The Insurance Bureau of Canada (IBC) has posted a notice a month after a windstorm that affected both Quebec and Ontario, saying that the weather event is one of the costliest disasters on record for the latter.
Citing data from Catastrophe Indices and Quantification Inc. (CatIQ), IBC reported that the windstorm – which struck both provinces in early May – caused $410 million in insured damages to both regions. Of that amount, $380 million of the damage was recorded in Ontario alone. As such, the recent windstorm is the province’s most costly insured event since the 2013 Toronto floods, IBC noted.
During the windstorm, wind damage was widely reported across Ontario and parts of Quebec. Strong gusts of wind led to roof damage, downed trees, and power outages in various communities in the provinces.
“It has been quite a damaging year so far,” commented IBC vice-president in Ontario Kim Donaldson. “This year alone insurers have already paid out three-quarters of a billion dollars, just five months into 2018.”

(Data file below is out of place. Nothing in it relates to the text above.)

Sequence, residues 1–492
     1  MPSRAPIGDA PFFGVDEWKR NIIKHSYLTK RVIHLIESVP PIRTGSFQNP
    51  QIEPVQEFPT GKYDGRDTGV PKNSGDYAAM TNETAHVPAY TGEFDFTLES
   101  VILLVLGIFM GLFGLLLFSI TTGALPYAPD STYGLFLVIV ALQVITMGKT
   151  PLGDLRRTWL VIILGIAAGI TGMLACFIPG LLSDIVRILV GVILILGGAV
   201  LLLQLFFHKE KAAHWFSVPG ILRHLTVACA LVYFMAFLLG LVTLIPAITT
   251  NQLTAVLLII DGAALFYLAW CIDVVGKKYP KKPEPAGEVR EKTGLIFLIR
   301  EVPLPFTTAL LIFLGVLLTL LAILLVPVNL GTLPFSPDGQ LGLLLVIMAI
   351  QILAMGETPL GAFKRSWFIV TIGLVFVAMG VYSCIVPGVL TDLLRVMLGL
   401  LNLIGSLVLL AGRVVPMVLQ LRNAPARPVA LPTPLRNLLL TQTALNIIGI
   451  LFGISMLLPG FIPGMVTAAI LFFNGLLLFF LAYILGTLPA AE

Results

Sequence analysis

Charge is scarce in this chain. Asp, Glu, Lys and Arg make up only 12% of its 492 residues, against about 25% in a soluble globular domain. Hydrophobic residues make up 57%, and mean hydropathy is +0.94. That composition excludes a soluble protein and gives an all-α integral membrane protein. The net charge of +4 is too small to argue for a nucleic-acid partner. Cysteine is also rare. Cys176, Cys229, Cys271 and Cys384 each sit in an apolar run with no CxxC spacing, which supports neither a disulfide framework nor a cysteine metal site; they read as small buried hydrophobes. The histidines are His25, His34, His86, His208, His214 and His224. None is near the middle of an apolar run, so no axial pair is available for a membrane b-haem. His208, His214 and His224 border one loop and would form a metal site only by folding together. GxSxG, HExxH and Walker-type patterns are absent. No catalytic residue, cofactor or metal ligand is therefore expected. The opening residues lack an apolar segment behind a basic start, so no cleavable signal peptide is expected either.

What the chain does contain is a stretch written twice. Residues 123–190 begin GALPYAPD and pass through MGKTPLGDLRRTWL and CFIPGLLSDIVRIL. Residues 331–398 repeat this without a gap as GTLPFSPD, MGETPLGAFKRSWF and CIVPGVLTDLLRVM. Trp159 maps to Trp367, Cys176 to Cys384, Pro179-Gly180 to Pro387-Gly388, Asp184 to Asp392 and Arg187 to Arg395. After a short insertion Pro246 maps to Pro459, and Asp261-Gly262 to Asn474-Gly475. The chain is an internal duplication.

Since the start of 2018, Ontario has been targeted by storms of increasing severity:
- January 2018 – Winter storm damage in Toronto, London and southwestern Ontario of nearly $10 million
- February 2018 – Water and winter storm damage in southern Ontario of over $40 million
- Early April 2018 – Wind and rain storm damage in southern Ontario topping $79 million
- Mid-April 2018 – Winter storm and ice storm in Toronto and southwestern Ontario of over $187 million
- May 2018 – Windstorm damages of $380 million across Ontario.
“Taxpayers are bearing the brunt of the costs that are not covered by insurance. Consumers are witnessing more frequent, intense storms, which we now know are attributable to climate change. The cost of climate change is real,” Donaldson remarked.